Eudora Welty entry: Overview screen.
Writing and Life
Works By
Eudora Welty published five novels or novellas, as well as essays, memoirs, poetry, and a book for children, but her short stories are her most admired works. Her work spans the last forty years of the twentieth century. She stands out among white writers from the southern USA in her fictional engagement with the lives and the voices of black people, but her reputation short-changes her in one way. She is often remembered as quirky, humorous, and soft-centred, whereas in fact her rendering of the lives of poor people of both races has a marked political edge.
13 April 1909 Eudora Welty was born in Jackson, Mississippi, USA, the second of five children born, the eldest of the three who survived, and the only girl. Bibliographic Citation link.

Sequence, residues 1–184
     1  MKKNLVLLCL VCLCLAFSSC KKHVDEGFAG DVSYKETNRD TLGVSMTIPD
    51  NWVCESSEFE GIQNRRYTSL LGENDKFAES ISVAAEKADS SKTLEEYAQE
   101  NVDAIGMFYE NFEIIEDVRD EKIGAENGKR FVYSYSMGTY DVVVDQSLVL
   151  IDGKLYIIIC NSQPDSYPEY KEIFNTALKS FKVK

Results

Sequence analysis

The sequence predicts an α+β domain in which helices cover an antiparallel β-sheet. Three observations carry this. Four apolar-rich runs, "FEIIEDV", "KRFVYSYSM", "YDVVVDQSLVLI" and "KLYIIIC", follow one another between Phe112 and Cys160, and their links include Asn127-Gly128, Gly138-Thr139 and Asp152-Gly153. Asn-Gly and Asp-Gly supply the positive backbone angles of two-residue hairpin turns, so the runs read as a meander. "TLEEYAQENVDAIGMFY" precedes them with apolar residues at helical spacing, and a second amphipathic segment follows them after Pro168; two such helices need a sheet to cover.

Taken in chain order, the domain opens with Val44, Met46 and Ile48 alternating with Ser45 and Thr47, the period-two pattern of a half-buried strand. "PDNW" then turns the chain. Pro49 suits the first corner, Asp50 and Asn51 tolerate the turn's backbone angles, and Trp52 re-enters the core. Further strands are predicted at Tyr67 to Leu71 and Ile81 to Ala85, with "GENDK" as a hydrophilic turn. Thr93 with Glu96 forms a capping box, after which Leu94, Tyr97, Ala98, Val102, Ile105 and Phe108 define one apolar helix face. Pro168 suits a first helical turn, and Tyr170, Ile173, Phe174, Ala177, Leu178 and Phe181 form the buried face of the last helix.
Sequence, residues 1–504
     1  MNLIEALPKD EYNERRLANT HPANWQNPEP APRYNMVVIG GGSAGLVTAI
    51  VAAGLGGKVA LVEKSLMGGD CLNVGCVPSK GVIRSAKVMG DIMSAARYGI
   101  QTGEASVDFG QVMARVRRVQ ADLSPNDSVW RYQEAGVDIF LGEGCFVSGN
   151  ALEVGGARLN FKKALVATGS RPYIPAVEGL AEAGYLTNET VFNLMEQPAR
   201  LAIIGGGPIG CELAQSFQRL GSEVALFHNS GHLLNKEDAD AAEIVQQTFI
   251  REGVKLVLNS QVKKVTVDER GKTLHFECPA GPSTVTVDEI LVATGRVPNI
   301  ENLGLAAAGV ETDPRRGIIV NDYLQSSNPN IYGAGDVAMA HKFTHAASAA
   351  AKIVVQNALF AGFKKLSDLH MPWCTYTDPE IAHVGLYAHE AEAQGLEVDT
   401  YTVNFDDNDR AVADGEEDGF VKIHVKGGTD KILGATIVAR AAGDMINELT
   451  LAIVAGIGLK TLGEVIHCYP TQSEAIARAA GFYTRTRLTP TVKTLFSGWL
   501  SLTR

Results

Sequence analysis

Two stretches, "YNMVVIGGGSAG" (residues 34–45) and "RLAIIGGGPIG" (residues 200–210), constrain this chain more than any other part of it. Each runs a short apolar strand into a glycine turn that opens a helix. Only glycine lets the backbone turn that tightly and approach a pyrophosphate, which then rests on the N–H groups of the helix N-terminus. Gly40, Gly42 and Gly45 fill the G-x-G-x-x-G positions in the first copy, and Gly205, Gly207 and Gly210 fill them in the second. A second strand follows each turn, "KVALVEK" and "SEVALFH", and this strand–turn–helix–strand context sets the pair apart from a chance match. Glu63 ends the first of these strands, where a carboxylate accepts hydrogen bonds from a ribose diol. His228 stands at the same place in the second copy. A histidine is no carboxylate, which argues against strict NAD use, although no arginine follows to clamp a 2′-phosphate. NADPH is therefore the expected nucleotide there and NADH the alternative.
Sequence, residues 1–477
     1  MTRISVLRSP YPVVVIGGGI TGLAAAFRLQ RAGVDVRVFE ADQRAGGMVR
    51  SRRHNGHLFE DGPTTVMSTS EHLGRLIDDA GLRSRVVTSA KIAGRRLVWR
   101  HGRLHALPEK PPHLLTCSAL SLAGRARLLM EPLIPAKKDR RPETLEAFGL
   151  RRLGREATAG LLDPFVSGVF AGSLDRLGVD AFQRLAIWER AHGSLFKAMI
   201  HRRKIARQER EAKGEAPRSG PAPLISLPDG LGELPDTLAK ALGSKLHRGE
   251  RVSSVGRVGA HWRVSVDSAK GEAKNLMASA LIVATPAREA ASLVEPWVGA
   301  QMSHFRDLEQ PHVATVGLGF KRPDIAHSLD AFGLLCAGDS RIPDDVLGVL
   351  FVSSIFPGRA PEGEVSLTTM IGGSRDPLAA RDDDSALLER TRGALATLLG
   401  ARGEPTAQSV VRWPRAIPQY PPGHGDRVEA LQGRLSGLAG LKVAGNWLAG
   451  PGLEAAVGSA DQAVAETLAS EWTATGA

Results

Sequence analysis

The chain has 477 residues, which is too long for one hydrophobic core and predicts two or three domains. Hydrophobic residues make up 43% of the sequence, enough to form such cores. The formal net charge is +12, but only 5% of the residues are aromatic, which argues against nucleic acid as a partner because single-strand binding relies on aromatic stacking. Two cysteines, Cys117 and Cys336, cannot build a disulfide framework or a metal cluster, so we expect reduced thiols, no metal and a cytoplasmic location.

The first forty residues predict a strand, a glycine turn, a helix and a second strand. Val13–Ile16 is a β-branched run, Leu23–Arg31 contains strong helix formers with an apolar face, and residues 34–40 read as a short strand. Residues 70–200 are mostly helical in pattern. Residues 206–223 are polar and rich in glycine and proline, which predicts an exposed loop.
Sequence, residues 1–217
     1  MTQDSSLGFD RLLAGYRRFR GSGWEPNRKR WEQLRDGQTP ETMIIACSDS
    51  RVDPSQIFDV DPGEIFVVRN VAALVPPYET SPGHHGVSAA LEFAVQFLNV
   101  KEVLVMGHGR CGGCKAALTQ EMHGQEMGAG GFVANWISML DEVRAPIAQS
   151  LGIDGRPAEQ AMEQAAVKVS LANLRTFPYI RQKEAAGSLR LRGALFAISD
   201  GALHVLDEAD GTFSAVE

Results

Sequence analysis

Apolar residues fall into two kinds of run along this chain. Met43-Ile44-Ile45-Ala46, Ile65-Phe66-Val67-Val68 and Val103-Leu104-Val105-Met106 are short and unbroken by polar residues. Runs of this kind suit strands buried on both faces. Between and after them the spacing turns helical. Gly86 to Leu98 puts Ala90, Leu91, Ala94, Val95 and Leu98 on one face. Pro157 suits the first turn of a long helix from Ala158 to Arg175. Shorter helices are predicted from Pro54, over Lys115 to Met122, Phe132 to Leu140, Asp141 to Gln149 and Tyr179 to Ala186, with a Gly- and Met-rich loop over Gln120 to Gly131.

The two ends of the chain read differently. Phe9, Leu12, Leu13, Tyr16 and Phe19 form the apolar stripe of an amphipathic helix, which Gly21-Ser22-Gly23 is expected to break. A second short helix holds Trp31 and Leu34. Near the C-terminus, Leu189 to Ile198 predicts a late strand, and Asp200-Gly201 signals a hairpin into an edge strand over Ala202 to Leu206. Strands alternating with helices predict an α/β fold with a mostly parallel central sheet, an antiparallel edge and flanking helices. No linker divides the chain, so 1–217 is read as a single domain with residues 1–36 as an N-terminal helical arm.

18 August 1949 EW published a fourth short-story collection, The Golden Apples, in which characters co-exist within a sequence of interconnected stories set in the fictional town of Morgana, Mississippi. Bibliographic Citation link.
6 July 1963 EW's story "Where Is the Voice Coming From?", which first appeared on this day in The New Yorker, was written in response to the shooting of the civil rights leader Medgar Evers, and is told in the voice of a white racist killer. Bibliographic Citation link.
15 March 1969 EW's novella The Optimist's Daughter was published in The New Yorker. It did not appear in volume form until, after much revision and discussion, a limited edition was issued on 23 March 1972. Bibliographic Citation link.
23 July 2001 After many years of fading health and memory, EW died of cardiopulmonary failure in a hospital in Jackson, surrounded by family. Bibliographic Citation link.
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